"EAST of Eden" certainly adds up to a powerful heap o' something.
ABC has treated John Steinbeck's 1952 novel with respect -- with "the respect it deserves"? Not exactly. This time the property got more respect than it deserves.
And it gets more time on the air than almost anything merits: eight hours, some of them inexcusably pokey, starting tonight with a three-hour opening chapter (at 8 on Channel 7), continuing with two more hours Monday at 9 and a final three-hour windup Wednesday at 8. Unusually handsome, visually meticulous, often dramatically valid, the film's fidelity to Steinbeck extends to sharing the major faults of the book. It is big, unwieldy and overbearing; if there's a greatness about it, it's strictly greatness with a thud.
The book is not a "literary classic," as ABC says in its parental guidance disclaimer, an announcement which warns that "certain scenes contain sexually frank portrayals and explicit language which may not be suitable for young viewers."
These lardo "novels for television," or miniseries, or longforms or whatever one wants to call them, tend to fall into one of two camps: the national events that are so exceptional they're worth arranging a week around ("Roots," "Roots II," "Shogun"); and the plot-heavy gollywhompers that make fairly satisfying dumb entertainment, especially when compared with the regular programming that would be airing in the same time periods.
"East of Eden" falls into the second category. One almost has to admire a television production that turns out ponderous and gloomy on purpose, and there are enough sensational scenes, and a few crucially luminous performances, so that most viewers won't feel scalped by the time it's all over. But it is not the kind of show one will be telling one's grandchildren about. They'll have enough problems as it is.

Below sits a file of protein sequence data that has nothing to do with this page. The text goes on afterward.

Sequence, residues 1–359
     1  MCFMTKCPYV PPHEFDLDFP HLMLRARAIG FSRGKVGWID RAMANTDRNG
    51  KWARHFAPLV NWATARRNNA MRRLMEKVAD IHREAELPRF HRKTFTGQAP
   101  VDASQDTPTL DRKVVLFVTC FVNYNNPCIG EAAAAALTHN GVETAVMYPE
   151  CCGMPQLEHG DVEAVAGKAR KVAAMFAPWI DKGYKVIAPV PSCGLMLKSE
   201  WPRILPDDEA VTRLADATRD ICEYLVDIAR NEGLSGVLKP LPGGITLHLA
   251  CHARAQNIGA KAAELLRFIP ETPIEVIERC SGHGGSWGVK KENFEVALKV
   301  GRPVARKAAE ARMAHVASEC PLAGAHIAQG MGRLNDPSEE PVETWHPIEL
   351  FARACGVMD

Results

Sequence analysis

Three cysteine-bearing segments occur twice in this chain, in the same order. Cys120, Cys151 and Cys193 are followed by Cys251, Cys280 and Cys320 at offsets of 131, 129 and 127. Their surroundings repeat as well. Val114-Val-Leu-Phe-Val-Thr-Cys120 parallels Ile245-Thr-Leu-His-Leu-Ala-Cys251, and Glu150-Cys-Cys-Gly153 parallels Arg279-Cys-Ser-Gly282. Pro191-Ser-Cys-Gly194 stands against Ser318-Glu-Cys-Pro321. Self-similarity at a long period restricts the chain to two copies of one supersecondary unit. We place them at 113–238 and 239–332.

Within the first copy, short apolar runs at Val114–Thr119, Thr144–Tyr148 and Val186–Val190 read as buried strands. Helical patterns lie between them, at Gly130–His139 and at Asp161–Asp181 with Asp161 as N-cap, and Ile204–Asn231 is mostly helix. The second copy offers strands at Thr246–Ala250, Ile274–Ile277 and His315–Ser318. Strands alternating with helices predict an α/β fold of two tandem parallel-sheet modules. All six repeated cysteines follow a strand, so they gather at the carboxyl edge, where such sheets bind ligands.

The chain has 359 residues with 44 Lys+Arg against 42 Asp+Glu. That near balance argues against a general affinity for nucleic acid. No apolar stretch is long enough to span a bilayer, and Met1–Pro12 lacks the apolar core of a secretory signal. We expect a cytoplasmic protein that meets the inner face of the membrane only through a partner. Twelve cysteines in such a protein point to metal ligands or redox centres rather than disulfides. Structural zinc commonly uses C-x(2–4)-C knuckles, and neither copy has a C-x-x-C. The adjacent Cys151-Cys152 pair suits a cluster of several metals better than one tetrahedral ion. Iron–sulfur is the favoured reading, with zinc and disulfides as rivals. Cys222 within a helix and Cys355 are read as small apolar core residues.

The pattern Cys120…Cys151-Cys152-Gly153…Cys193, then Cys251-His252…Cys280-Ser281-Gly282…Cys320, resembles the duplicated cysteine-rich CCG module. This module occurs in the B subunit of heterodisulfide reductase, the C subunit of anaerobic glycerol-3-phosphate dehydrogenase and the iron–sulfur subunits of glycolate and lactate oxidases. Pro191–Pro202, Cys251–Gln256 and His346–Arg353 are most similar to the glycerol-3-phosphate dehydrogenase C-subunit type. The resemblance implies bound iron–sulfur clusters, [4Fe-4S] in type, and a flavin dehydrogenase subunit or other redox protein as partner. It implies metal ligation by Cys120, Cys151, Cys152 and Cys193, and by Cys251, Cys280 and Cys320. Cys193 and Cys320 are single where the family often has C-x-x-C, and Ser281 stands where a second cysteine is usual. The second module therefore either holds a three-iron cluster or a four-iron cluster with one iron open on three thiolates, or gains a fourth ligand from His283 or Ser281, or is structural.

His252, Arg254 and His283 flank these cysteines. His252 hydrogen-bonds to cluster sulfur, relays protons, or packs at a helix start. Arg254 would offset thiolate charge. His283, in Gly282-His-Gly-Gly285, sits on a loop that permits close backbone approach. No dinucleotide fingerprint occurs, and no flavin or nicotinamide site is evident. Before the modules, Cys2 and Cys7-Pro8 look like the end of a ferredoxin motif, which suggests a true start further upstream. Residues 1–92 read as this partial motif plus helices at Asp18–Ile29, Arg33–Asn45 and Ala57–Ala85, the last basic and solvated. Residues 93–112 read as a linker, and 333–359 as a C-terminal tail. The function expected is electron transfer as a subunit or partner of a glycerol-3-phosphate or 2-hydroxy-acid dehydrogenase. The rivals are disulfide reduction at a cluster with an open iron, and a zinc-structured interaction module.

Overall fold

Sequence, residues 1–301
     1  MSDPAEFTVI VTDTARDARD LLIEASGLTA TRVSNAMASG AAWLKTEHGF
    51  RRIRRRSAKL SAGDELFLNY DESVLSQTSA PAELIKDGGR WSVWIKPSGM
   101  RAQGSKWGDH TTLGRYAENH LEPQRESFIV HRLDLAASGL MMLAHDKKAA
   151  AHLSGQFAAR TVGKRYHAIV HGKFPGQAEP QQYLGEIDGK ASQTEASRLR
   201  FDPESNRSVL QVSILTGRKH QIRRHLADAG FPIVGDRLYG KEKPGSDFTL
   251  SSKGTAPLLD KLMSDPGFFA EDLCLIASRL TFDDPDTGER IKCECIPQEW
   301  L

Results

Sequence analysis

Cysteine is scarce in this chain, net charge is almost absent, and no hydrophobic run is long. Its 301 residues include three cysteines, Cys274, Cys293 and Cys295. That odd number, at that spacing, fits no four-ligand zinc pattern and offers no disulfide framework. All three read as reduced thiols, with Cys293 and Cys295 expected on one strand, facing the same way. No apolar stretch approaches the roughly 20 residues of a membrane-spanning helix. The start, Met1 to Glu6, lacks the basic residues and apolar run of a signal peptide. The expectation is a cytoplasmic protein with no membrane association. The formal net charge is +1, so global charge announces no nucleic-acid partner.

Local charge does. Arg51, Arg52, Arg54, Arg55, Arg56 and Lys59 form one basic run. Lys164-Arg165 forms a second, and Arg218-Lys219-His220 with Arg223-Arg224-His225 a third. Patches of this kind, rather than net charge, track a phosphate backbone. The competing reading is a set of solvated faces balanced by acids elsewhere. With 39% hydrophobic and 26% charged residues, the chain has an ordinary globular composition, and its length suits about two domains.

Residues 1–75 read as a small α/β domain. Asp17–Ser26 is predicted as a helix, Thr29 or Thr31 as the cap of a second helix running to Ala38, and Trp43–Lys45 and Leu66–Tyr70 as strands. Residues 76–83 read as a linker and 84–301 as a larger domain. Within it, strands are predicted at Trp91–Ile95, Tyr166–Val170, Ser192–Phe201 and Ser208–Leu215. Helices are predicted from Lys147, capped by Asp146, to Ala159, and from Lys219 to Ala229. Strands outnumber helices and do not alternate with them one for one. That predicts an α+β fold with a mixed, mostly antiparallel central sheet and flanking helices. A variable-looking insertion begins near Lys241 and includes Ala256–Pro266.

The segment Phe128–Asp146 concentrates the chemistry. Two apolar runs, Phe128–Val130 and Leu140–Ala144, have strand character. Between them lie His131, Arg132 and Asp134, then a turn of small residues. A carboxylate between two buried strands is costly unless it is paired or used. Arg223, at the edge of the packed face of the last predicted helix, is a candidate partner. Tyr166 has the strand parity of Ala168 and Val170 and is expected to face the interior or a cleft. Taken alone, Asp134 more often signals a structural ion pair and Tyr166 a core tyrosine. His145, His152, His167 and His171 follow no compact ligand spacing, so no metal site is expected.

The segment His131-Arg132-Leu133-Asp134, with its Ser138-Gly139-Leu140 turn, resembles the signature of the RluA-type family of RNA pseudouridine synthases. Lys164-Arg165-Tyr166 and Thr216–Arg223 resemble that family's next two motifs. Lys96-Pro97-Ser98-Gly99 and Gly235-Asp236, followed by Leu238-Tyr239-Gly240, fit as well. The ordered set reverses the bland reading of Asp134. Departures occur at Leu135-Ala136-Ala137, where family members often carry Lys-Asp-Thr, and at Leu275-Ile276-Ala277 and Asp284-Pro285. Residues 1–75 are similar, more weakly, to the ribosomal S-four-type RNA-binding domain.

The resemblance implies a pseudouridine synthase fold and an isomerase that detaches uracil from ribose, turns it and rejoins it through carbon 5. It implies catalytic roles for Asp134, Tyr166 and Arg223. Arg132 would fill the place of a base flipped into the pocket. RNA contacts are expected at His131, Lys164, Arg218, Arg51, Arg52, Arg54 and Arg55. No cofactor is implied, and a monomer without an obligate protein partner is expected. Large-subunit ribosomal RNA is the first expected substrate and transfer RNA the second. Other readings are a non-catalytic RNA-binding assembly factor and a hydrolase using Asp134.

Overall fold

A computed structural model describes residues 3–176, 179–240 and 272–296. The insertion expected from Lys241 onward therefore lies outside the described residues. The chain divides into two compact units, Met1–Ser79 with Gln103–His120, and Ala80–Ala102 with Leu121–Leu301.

ABC has trumpeted grandly that its "East of Eden," unlike Hollywood's 1955 CinemaScope "East of Eden," transposes all of the novel, and not just some of it, to the screen. True enough. The James Dean version of the film actually covered only about a third of the novel -- the last third, roughly what's covered in the final installment of the ABC film.
But a funny thing: Those Hollywood guys often knew, with a prescience born of commercial necessity, what they were doing. For the '55 "Eden," they telescoped two generations into one very efficiently, and the film had a fever pitch that was highly appropriate to the material. In television, commercial necessity says: Stretch it out as much as you can to provide a stage for that many more commercials. This has rigorously been done.
Networks, of course, love multigenerational sagas. The go on just short of forever, and they tend to be brawny and brawly and filled with lusty women. Perhaps network executives leaped at the possibility of refilming "Eden" when one particular Steinbeck passage was pointed out to them: "People with that much money were rich.They would never have to worry. It was enough to start a dynasty." Dynasty! You just said the magic word! Here's two million smackers; go out and shoot me another "Rich Man, Poor Man."